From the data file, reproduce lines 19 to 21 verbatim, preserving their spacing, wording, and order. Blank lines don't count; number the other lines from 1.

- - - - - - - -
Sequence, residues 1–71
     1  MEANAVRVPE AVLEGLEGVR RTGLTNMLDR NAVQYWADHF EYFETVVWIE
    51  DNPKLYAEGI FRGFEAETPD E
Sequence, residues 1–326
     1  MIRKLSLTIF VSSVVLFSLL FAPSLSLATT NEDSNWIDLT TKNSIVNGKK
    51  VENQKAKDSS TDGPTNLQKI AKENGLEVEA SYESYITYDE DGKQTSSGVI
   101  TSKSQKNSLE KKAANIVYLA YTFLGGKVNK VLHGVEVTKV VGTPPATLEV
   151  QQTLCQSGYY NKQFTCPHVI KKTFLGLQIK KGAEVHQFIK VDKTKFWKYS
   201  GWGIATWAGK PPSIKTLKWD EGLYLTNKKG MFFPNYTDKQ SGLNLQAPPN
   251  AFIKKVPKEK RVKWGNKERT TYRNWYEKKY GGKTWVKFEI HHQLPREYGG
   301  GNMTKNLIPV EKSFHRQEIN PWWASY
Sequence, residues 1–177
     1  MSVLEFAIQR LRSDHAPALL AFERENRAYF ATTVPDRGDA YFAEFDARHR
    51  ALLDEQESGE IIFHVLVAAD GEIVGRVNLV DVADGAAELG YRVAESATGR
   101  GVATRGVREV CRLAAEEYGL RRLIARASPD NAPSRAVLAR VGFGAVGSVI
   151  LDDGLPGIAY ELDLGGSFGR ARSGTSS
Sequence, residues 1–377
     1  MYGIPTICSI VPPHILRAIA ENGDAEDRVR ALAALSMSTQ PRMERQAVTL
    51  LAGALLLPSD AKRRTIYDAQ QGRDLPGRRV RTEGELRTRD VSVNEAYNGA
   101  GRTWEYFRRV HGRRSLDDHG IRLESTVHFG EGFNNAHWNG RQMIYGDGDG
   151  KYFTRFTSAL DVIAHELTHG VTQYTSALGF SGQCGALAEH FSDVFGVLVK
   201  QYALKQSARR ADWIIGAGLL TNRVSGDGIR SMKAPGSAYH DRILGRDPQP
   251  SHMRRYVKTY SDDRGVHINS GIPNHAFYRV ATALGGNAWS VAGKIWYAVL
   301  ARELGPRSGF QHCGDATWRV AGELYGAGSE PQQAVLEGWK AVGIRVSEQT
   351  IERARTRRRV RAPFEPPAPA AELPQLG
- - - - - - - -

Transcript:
    51  LAGALLLPSD AKRRTIYDAQ QGRDLPGRRV RTEGELRTRD VSVNEAYNGA
   101  GRTWEYFRRV HGRRSLDDHG IRLESTVHFG EGFNNAHWNG RQMIYGDGDG
   151  KYFTRFTSAL DVIAHELTHG VTQYTSALGF SGQCGALAEH FSDVFGVLVK